Saturday, 3 June 2023

Oil rises 1% with lower supplies, but records quarterly losses

Oil prices gained more than $1 a barrel on Friday, recording gains for the second week in a row, in light of lower supplies in some parts of the world and inflation data in the United States showing some signs of a slowdown in the rise in prices.

Brent crude futures for June delivery rose $1.29, or 1.6%, to settle at $79.89 a barrel. Brent contracts for May delivery, which expired upon settlement, rose 50 cents, or 0.6%, to $79.77 a barrel, with monthly losses of 4.9% and quarterly losses of 7%.

US West Texas Intermediate crude for May delivery rose $ 1.30, or 1.8%, to $ 75.67, bringing its gains to about 9% this week, and its monthly losses amounted to 1.8%, and its quarterly losses in the first quarter were 5.7%.

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Data on Friday showed that the personal consumption expenditures price index in the United States rose 0.3% in February on a monthly basis, compared to an increase of 0.6% in January and expectations of a 0.4% increase in a Reuters poll.

Any sign of slowing inflation is usually boosted by oil prices as it may point to smaller interest rate increases from the Federal Reserve, which raises investor demand for riskier assets such as commodities and stocks.

Oil prices rose after oil production in several oil fields in the semi-autonomous Kurdistan region in northern Iraq was halted or reduced following the suspension of oil exports through a pipeline in the north of the country.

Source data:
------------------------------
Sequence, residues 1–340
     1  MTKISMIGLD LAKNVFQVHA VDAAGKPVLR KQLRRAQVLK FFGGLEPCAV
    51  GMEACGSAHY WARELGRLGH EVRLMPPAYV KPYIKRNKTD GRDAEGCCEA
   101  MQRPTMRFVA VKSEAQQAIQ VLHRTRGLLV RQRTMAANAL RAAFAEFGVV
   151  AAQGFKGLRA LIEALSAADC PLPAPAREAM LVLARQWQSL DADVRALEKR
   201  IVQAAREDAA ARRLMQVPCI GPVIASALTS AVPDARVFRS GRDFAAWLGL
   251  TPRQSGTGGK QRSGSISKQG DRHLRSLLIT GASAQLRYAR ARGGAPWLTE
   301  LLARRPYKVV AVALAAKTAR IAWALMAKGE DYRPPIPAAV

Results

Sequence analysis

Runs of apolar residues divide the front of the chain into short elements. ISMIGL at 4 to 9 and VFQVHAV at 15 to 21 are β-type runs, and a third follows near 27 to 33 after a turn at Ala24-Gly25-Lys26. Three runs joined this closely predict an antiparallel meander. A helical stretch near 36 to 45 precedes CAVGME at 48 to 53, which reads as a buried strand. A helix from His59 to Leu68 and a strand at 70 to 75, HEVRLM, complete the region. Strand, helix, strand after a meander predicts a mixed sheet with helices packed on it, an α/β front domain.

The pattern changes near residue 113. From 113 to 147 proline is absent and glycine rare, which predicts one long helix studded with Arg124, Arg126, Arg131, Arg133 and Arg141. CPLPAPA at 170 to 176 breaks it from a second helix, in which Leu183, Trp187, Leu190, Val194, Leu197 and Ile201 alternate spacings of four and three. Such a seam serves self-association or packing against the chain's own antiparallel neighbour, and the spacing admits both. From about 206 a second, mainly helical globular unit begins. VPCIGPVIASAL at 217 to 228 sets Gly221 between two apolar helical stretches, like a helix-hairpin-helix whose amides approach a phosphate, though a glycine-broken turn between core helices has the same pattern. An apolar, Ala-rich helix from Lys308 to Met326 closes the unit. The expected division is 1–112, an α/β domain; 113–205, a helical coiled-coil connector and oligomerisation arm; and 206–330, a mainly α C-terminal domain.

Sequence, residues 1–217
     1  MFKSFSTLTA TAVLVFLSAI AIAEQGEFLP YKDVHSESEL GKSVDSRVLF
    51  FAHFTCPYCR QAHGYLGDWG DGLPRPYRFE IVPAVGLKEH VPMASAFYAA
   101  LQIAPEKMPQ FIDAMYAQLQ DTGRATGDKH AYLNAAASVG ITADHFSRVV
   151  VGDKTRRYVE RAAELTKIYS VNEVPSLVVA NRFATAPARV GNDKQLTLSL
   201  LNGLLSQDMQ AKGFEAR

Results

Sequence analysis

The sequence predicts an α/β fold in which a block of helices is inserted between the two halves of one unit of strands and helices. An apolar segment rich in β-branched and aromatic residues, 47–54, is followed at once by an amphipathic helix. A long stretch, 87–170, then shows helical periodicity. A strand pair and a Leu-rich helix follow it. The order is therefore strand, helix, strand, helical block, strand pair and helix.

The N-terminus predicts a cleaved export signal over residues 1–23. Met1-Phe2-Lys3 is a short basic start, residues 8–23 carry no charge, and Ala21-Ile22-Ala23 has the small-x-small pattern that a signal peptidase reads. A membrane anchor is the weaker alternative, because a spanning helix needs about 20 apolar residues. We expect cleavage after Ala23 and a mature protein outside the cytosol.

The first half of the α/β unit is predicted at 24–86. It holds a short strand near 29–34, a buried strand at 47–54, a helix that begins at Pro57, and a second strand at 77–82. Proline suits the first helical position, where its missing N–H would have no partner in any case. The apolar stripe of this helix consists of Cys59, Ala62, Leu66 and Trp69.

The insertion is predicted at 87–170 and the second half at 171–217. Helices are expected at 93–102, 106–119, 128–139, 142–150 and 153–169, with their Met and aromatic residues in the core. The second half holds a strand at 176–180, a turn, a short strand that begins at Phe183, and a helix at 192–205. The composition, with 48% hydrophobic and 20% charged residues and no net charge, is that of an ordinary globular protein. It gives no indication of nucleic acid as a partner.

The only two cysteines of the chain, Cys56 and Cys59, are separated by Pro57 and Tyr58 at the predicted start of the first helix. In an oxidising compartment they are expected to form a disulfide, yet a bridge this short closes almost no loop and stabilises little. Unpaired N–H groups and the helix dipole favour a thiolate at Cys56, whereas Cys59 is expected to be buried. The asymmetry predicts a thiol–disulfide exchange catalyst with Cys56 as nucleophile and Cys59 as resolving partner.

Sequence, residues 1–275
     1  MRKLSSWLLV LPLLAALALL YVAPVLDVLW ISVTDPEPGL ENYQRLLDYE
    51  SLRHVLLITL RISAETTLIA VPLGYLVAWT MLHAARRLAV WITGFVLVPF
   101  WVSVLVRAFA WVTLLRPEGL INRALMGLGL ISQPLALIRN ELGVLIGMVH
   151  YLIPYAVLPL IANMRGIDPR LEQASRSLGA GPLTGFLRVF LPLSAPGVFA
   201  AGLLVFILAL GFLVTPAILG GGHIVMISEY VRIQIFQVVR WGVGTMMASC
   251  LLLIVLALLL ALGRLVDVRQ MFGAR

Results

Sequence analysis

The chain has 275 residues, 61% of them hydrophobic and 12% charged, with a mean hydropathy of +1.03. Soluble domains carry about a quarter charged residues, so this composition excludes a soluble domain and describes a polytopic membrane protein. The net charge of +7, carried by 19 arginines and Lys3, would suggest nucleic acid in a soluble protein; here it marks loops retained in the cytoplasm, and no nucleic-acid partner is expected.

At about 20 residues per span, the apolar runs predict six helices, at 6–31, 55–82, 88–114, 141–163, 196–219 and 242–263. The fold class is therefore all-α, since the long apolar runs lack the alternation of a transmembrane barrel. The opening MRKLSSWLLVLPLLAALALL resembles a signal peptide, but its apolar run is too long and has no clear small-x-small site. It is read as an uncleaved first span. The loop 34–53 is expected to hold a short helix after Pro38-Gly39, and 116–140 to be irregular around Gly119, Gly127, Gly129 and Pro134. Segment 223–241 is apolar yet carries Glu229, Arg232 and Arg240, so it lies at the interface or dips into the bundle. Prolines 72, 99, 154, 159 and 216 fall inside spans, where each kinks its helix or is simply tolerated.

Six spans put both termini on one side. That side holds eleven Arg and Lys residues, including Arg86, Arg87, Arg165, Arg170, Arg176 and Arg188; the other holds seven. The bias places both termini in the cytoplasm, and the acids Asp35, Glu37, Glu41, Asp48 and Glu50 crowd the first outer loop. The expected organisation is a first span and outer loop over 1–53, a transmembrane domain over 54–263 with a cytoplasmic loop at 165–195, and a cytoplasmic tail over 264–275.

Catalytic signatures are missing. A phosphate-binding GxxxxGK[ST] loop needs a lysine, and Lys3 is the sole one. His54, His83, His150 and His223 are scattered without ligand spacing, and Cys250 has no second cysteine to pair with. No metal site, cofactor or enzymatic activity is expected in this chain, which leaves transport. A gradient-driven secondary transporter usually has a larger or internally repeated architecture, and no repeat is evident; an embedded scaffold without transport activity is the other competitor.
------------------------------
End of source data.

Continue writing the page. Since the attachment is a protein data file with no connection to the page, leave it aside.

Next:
Sources said the Organization of the Petroleum Exporting Countries (OPEC) and its allies led by Russia are likely to maintain compliance with the existing production agreement at Monday’s meeting, as oil prices recover from recent lows.

A Reuters survey revealed that OPEC pumped 28.90 million barrels per day this month, which is a decrease of 70 thousand barrels per day compared to February. Production decreased by more than 700 thousand barrels per day compared to September

Despite Friday’s gains, Brent and West Texas Intermediate crude recorded monthly declines of 5% and 2%, respectively, their largest drop since November.

Brent crude settled lower for the third quarter in a row, the first time this has happened since 2015.

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